Fat Pincher Flunks: While the skinfold caliper has its uses, it has serious flaws. The main reason is that there are a myriad of formulas that can be used to get your body fat levels. All of them try to correct shortcomings that arise from variables like age and gender. Since there isn’t one particular standard, doctors and scientists aren’t partial to this method.

In an article written by doctors from Columbia University’s St. Luke’s Hospital, they state that the validity of this test depends largely upon the skill of the person performing it. Apparently, measuring fat isn’t as easy as it seems. In addition to this, they explain that the test can be inconsistent with populations that are not white.

Finally, while the skinfold caliper measures different parts of your body, results can be misleading, because our bodies are unique when it comes to fat distribution. For example, two people who are measured with a skinfold caliper may have nearly identical measurements, but extremely different bodies (see link). One of them could have large deposits of fat in areas that go “un-pinched.”

Hips get Hip: I recently went to see a nutritionist and left a bit surprised. What with my trainer pinching me about, I expected to see a skinfold caliper in all its glory, only to be confronted with…a tape measure. The dietitian used this simple tool to calculate what is called a “waist-hip ratio.” This method focuses on how the fat around your middle relates to the rest of your body. As it turns out, it’s the bulge around your belly that should be of greatest concern. Where our fat is located is just as important as how much there is.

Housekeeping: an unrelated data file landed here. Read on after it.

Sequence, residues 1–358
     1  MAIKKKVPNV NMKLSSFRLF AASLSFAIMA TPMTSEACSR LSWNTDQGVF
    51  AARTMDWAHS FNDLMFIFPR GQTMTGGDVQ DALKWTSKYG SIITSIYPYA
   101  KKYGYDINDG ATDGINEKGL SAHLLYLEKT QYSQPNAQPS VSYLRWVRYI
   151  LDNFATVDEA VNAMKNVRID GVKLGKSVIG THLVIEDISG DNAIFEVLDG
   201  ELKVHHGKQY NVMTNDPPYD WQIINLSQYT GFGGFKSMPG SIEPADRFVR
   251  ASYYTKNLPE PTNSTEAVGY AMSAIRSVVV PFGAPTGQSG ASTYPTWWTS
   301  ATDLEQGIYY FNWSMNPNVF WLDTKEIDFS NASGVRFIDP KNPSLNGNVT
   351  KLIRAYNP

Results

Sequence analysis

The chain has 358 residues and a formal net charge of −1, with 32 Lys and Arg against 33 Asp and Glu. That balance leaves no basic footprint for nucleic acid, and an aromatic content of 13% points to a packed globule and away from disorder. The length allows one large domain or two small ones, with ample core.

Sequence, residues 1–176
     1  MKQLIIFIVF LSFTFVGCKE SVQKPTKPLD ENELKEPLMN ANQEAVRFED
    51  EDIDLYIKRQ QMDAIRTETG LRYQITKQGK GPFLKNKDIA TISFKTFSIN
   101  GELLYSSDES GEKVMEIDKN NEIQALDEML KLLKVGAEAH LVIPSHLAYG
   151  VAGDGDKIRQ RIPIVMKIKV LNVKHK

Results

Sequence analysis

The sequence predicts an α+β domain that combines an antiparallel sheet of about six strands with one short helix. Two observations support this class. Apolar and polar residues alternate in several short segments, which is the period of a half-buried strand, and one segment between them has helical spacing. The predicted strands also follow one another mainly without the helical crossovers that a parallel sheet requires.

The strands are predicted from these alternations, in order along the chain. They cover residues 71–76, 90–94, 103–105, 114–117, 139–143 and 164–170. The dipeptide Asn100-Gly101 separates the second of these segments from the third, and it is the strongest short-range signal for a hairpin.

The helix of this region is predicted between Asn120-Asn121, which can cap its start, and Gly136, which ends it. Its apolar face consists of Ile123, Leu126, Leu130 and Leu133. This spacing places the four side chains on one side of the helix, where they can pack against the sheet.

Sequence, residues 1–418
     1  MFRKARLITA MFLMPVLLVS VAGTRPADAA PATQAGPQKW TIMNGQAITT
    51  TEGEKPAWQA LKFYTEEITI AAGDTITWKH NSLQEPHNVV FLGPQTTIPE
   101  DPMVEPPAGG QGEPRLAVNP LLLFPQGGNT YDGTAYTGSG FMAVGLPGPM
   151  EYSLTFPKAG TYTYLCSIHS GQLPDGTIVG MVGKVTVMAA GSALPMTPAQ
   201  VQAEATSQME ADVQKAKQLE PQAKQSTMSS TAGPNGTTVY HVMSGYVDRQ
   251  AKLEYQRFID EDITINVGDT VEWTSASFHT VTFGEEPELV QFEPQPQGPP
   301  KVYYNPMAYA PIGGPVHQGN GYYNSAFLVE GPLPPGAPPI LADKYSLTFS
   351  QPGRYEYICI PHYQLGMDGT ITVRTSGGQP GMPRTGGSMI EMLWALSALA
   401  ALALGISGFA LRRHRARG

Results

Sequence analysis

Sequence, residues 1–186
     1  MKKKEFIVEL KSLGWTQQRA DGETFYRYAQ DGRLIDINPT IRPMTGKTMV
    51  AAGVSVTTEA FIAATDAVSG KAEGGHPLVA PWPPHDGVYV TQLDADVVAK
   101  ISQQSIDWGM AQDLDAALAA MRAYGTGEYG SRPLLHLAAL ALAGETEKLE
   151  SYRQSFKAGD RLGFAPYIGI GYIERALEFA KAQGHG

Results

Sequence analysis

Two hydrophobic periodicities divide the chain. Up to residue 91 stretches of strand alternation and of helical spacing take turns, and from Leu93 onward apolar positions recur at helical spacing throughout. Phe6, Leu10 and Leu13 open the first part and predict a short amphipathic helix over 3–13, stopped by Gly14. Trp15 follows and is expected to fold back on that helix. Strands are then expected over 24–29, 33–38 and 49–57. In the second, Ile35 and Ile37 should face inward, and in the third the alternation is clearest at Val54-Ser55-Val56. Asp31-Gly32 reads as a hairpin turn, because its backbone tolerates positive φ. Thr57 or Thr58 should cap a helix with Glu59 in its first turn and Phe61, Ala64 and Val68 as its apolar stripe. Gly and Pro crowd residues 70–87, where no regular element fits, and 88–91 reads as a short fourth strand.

Dr. Rob Hicks, an expert at St. Mary’s Hospital in London, explains in his article (written for the BBC) that scientists have linked abdominal fat to these illnesses. This is one of the main reasons he believes this ratio is the best predictor for heart attacks, diabetes and is an ideal indicator of obesity. It is not surprising that doctors highly support this method at present. The great part: it’s easy to compute!

How it works: All you need is a tape measure. First measure your waist by placing the tape measure just above the belly button. To measure your hips place the tape measure around the height of your mid-glute. Then simply divide the number you got from your tummy by the number you get for your hips. Here is an online waist-hip calculator you can use.

Ways to Use this Info: Use the hip-waist ratio to determine if you’re at risk for developing heart disease, or diabetes. If you’re within range and are aiming to improve your fitness level, consider skinfold caliper measurements. Track changes in your body as you get stronger! It can be a motivational tool.

Your Ideal Body in a Cinch

Ladies, here are some criteria my friends agree with when it comes to the perfect size. Aside from being one that places your weight within range, the perfect size and body should enable you to a) stow away your own carry-on luggage, b) chase down a cab and c) dance away in your favorite dress… all without a caliper care in the world.

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Site Disclaimer: This site is designed for educational purposes only and is not engaged in rendering medical advice or professional services.
If you feel that you have a health problem, you should seek the advice of your Physician or health care Practitioner.